The implications of the Ibanez decision will vary considerably depending on the facts of each case and upon the securitization documents that form any part of a chain of title on a Massachusetts loan.  Please feel free to contact Boston Goodwin Procter partners Jim McGarry (617-570-1332) or Rich Oetheimer (617-570-1259) if you would like to discuss Ibanez’ implications for your REO portfolio or otherwise.

Click here for U.S. Bank National Ass’n v. Ibanez, No. SJC-10694 (Mass. Jan. 7, 2011).

President Signs Regulated Investment Company (RIC) Modernization Act Updating Tax Treatment of RICs

On December 22, 2010 President Obama signed into law the Regulated Investment Company Modernization Act of 2010 (“RMA”).  The bill updates the tax regime that applies to Regulated Investment Companies (“RICs”), implementing an array of changes that are generally favorable for RICs, including changes designed to accommodate non-calendar-year RICs and RICs in fund-of-funds structures.  Other notable changes include the repeal of the preferential dividend rule for publicly-offered RICs and implementation of savings provisions to make loss of RIC status less likely.  The principal features of the RMA are summarized below. 

Unlimited capital loss carryovers.  Previously, net capital losses for RICs could be carried over only for eight years and were treated as short-term capital losses in each of those years.  The RMA changes this regime going forward, so that net capital losses starting in 2011 are allocated between long-term and short-term capital losses, which may be carried forward without limitation, similar to the rules that apply to individual taxpayers. 

Savings provisions for failures to meet income and asset tests.  To qualify as a RIC, a company is limited in the assets it can hold and the income it may earn.  The RMA implements savings provisions that allow RICs to correct certain failures to satisfy the income and asset tests, thereby avoiding loss of RIC status.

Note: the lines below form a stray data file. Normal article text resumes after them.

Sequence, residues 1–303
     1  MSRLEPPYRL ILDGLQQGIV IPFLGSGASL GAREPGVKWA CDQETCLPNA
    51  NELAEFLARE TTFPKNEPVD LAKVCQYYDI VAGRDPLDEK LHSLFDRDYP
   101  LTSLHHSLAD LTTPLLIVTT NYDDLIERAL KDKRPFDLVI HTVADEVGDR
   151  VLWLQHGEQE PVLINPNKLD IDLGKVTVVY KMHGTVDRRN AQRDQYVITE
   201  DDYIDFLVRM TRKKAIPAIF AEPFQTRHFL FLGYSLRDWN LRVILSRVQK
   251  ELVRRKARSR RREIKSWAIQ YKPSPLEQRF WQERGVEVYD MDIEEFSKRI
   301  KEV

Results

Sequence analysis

For de minimis failures to meet the asset test (defined as failures resulting from the ownership of assets not exceeding the lesser of 1% of the RIC’s total assets or $10 million), a RIC will be considered to have met the test if it meets the requirements of the asset test within six months of the last day of the quarter within which the RIC identifies that it failed the test.  For other failures to meet the asset test that are due to reasonable cause and not willful neglect, a RIC may maintain its status by disclosing the assets that caused the failure, correcting the failure within six months, and paying an excise tax equal to the greater of $50,000 or the highest rate of tax specified in Section 11 of the Internal Revenue Code (“IRC”) upon the net income generated by the assets that caused the failure. 

Failure to meet the income test, if due to reasonable cause and not willful neglect, may now be cured by disclosing each item of gross income and paying an effective 100% tax on the amounts of income that caused the failure. 

Modification of rules relating to dividends and other distributions.  The RMA contains nine provisions reforming the rules relating to dividends and distributions.  Many of these rules are designed to accommodate non-calendar-year RICs and fund-of-funds structures.  

  1. An alternative method of correcting for incorrect designations of special dividends (such as capital gain dividends) on Form 1099s has been provided to reduce the likelihood that shareholders will be required to file amended returns.  This is relevant for RICs that are not calendar year taxpayers, since the problem would tend to arise when certain types of income for the post-December 31 portion of their fiscal year, unknown at the time, affected what shareholders were entitled to report for their own calendar year.  In general, if it is possible to correct the designation with modifications to designations of special dividends for the shareholder’s subsequent taxable year, the RMA provides a mechanism for RICs to do so.  This provision also replaces the former designation requirement for capital gain dividends with a reporting requirement, which may be satisfied by Form 1099. 
  2. The RMA allows for certain disallowed deductions associated with tax-exempt income to be taken into account in calculating a RIC’s earnings and profits.  This fixes an inappropriate result that formerly could occur when RICs investing in tax-exempt bonds distributed an amount that economically was a return of capital to shareholders, but under former law would have been classified as a dividend out of earnings and profits.